Tuesday’s Two Developments

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  • The recovery in the global equity markets is being challenged
  • The yen has strengthened across the board
  • The main economic news today is limited to the UK inflation readings
  • The South African political drama continues; Hungary January CPI was steady at 2.1% y/y

The dollar is broadly weaker against the majors.  Yen and Swissie are outperforming, while Aussie and Loonie are underperforming.  EM currencies are mostly firmer.  THB and ZAR are outperforming, while PHP and CNY are underperforming.  MSCI Asia Pacific was up 0.6%, with the Nikkei falling 0.7% after returning from holiday.  MSCI EM is up 1% on the day, with the Shanghai Composite rising 1%.  Euro Stoxx 600 is down 0.1% near midday, while futures are pointing to a lower open for US markets.  The 10-year US yield is down 3 bp at 2.83%.  Commodity prices are mostly higher, with Brent oil up 0.4%, copper up 1.5%, and gold up 0.5%.

There are two important developments today.  First, the recovery in the global equity markets is being challenged.  Second, the yen has strengthened across the board, and is now at its best levels against the dollar since last September’s low.

The MSCI Asia Pacific Index extended Monday’s recovery with another 0.5% gain.  However, looking closer, the momentum faltered.  The benchmark finished in the middle of the range, Japan’s Topix, which had been up a little more than 1% finished down nearly as much.

European markets are nursing modest losses.  Italian and Spanish bourses are underperforming, but the Dow Jones Stoxx 600 is off about 0.2% in late morning turnover.  The S&P 500 is trading lower.  It has rallied 5.6% off the pre-weekend low.  The Dow Jones Industrials have rallied 1400 points during the same time.  Opinion seems divided about the near-term outlook.  The initial recovery has stalled, and the shape and extent of the pullback today may go a long way toward shaping the debate.

Japan’s markets were closed on Monday, and although it initially played catch-up with the world, the gains were reversed as the yen strengthened.  Stops appeared to have been triggered on a break of JPY108.40 and then JPY108.00.  The dollar fell to nearly JPY107.50 in early Europe before tentative stabilizing.  The dollar reached a low near JPY107.30 last September, and carved out a low in the second half of 2016 around JPY100.  Intermittent support is seen near JPY105.

The euro spiked down to JPY132 at the end of last week.  It traded inside the pre-weekend range yesterday and has an outside day in the works today.  A break targets the JPY131 area, but suggests potential toward JPY128-JPY130.  Sterling held last week’s low a little below JPY149.00.  A convincing break may target JPY147. 00.  The Australian dollar is reversing lower against the yen after making a three-day high earlier.  It peaked near JPY85.60 and is now near JPY84.60.  Last week’s low (~JPY84.00) had not been seen since last June.  The Canadian dollar did not find such support and it is now at eight-month lows.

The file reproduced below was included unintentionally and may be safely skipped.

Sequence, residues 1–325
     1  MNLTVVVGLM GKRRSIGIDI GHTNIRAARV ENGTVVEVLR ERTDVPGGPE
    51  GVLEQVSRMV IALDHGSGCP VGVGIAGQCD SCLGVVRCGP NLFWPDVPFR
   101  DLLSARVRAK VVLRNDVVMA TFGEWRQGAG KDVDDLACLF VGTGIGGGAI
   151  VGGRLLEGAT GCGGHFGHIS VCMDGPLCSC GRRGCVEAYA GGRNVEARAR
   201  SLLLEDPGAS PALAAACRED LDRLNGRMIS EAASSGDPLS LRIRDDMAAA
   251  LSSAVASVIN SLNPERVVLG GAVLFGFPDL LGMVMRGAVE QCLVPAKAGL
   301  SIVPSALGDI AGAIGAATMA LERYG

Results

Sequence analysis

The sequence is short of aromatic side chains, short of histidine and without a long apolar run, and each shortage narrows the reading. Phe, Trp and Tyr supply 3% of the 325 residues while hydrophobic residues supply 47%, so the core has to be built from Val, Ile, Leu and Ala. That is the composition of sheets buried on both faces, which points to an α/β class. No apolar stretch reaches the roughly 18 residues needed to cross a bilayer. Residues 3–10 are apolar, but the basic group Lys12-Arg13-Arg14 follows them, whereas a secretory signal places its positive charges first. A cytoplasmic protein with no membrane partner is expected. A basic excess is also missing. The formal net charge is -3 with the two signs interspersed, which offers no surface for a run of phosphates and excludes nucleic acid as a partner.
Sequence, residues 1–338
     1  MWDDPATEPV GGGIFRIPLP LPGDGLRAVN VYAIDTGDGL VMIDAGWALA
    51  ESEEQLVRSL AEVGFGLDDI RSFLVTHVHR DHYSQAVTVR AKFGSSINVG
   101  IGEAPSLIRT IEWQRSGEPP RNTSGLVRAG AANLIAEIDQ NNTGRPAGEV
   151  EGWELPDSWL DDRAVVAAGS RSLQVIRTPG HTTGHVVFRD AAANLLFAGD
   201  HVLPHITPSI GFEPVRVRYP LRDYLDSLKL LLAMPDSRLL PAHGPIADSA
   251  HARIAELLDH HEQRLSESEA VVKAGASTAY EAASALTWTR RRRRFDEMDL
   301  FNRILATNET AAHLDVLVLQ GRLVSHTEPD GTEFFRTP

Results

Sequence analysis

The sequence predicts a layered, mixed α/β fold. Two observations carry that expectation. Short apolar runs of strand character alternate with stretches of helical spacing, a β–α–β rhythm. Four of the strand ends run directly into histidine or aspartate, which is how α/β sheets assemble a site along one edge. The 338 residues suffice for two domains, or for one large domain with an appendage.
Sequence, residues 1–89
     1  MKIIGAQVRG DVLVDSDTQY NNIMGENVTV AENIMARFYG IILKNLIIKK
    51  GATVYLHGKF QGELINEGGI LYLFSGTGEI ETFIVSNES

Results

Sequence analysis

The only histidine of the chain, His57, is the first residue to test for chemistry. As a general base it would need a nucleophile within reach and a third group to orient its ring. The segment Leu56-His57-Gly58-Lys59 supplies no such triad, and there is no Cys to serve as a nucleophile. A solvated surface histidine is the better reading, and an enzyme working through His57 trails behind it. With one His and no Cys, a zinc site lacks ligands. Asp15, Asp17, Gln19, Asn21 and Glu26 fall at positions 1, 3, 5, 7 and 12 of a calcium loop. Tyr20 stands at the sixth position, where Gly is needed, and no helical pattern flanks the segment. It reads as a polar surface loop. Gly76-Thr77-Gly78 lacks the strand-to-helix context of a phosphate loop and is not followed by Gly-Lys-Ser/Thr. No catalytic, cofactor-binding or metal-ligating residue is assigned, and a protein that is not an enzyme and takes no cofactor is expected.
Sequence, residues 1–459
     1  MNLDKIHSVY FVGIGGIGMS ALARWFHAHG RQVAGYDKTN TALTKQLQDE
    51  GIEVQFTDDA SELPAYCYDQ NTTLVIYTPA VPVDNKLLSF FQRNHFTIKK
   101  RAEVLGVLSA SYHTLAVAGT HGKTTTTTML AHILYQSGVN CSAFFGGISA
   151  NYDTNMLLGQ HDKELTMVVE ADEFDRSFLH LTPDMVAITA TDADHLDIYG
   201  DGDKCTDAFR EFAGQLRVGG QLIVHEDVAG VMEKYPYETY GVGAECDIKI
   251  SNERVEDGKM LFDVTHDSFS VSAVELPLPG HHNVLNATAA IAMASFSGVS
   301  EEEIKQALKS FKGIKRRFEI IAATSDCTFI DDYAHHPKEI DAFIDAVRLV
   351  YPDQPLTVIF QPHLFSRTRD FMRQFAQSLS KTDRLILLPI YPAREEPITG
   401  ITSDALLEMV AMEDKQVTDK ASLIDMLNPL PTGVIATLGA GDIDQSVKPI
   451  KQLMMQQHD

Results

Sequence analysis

The main economic news today is limited to the UK inflation readings.  Headline CPI eased by 0.5%, the same as January 2017.  This kept the y/y rate steady at 3.0%.  Economists had seen a chance for a 2.9% pace.  CPIH was also unchanged at 2.7%.  The core rate provides fodder to those who now think that inflation will decline more gradually than previously thought and that the BOE is likely to raise rates at the May meeting (March 22 meeting to lay more groundwork).  There is a little more than half the hike already discounted.  Producer prices moderated, though the government’s house price index finished the year on a firm note, rising 5.2% y/y, the same as 2016.

Sterling was firm before the data and extended its gains afterward.  Recall that sterling hit a high near $1.4065 after the BOE’s somewhat hawkish assessment last week.  It fell to $1.3765 ahead of the weekend.  Today’s high completes a 50% retracement of the decline.  The next retracement objective is seen near $1.3950, but the $1.40 area may be more formidable.

For its part, the euro is posting gains for a third consecutive session.  It is above $1.23 for the first time in four sessions.  It has retraced 38.2% of the losses seen since the high a little above $1.2520 was seen at the start of the month.  That retracement was near $1.2325.  The next area of resistance is likely to be encountered near $1.2365.

The South African political drama continues.  After reports yesterday that Zuma would resign, it appears that he is refusing to step down.  This led the ANC to “recall” Zuma.  The next step to removing Zuma would be for the ANC to support a motion of no confidence in parliament.  It seems that Zuma is on the way out but the exact timing is just guesswork.  How much has been priced in already?  We think a lot.  Market may push USD/ZAR lower on the final announcement, but we doubt the rand can extend its gains much beyond 11.50 or so.

Hungary January CPI was steady at 2.1% y/y.  Inflation remains at the bottom of the 2-4% target range.  Q4 GDP will be reported Wednesday, which is expected to grow 4.3% y/y vs. 3.9% in Q3.  Despite the robust economy, we cannot rule out further easing via unconventional measures.  Next policy meeting is February 27.